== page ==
One notable omission from both the proposed regulations and the Action 13 Final Report is any guidance on how the information provided in the CbC reports is to be used to identify and assess transfer pricing risk. CbC reporting is a totally new documentation requirement that never previously was thought necessary to conduct a transfer pricing risk assessment. CbC reporting seems simply to have been deemed relevant for risk assessment in a request made in the June 2013 G8 Lough Erne Leaders Communique to the OECD to initiate CbC reporting:

Comprehensive and relevant information on the financial position of multinational enterprises aids all tax administrations effectively to identify and assess tax risks. The information would be of greatest use to tax authorities, including those of developing countries, if it were presented in a standardised format focusing on high level information on the global allocation of profits and taxes paid. We call on the OECD to develop a common template for country-by-country reporting to tax authorities by major multinational enterprises, taking account of concerns regarding non-cooperative jurisdictions.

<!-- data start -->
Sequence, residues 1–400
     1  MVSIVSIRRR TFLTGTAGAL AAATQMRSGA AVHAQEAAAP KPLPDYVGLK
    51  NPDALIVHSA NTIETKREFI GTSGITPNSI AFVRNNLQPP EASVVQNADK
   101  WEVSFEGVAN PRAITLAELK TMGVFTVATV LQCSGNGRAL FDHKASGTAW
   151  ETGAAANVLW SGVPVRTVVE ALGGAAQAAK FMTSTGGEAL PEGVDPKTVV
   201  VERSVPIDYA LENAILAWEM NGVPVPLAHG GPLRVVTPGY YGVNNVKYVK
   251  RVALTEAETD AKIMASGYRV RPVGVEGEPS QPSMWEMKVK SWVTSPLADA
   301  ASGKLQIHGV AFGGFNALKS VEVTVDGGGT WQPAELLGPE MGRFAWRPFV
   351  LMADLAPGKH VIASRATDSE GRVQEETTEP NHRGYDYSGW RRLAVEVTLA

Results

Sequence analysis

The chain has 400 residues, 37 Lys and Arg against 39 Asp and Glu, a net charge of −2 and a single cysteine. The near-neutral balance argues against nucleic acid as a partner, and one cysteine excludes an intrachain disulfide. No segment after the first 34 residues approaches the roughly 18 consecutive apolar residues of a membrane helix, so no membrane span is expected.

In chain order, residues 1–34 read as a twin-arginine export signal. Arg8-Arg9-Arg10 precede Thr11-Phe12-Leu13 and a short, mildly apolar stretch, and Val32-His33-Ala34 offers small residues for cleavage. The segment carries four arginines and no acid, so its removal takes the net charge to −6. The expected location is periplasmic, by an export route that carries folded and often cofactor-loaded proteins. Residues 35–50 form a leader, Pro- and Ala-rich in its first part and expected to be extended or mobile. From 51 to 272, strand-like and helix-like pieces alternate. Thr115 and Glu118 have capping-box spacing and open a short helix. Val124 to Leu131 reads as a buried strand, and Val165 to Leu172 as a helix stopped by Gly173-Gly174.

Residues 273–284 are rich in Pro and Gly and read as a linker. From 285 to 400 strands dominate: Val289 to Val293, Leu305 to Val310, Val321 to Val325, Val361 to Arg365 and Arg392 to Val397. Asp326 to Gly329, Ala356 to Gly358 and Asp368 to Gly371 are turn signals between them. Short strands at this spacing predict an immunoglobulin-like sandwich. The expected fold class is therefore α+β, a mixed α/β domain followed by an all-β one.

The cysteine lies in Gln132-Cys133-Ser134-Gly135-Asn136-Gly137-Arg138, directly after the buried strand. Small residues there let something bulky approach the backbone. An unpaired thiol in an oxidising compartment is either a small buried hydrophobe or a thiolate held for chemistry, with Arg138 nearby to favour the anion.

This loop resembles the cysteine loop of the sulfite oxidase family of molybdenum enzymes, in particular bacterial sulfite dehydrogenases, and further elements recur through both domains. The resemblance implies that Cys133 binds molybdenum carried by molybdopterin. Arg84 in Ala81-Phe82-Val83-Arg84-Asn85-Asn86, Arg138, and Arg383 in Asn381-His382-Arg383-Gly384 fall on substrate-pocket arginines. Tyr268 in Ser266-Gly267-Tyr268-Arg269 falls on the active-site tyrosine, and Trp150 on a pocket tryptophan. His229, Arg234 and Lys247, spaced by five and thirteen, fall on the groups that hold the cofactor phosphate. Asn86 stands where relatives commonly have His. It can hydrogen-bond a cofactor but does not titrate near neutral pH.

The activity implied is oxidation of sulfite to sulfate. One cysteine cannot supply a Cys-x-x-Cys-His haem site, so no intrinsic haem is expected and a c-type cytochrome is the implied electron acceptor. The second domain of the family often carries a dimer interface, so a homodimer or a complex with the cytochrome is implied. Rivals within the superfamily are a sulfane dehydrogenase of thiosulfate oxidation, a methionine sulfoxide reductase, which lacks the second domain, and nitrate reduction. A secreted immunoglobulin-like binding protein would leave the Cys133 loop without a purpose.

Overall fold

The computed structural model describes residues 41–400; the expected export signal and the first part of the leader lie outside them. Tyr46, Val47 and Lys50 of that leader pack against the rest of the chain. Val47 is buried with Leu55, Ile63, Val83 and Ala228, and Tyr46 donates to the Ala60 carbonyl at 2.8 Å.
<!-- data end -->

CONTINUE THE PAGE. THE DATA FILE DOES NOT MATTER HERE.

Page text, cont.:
Note, however, that the G8 request was only for “high level information” in order to conduct a tax risk assessment. (There was no specific connection to a transfer pricing risk assessment.) And the data points to enable tax authorities to conduct this general tax risk assessment were limited to two items — profits and taxes paid.

The OECD initially responded to this request shortly thereafter in Action 13 of the July 2013 BEPS Action Plan, which described the goal of the OECD to:

Develop rules regarding transfer pricing documentation to enhance transparency for tax administration, taking into consideration the compliance costs for business. The rules to be developed will include a requirement that MNE's provide all relevant governments with needed information on their global allocation of the income, economic activity and taxes paid among countries according to a common template.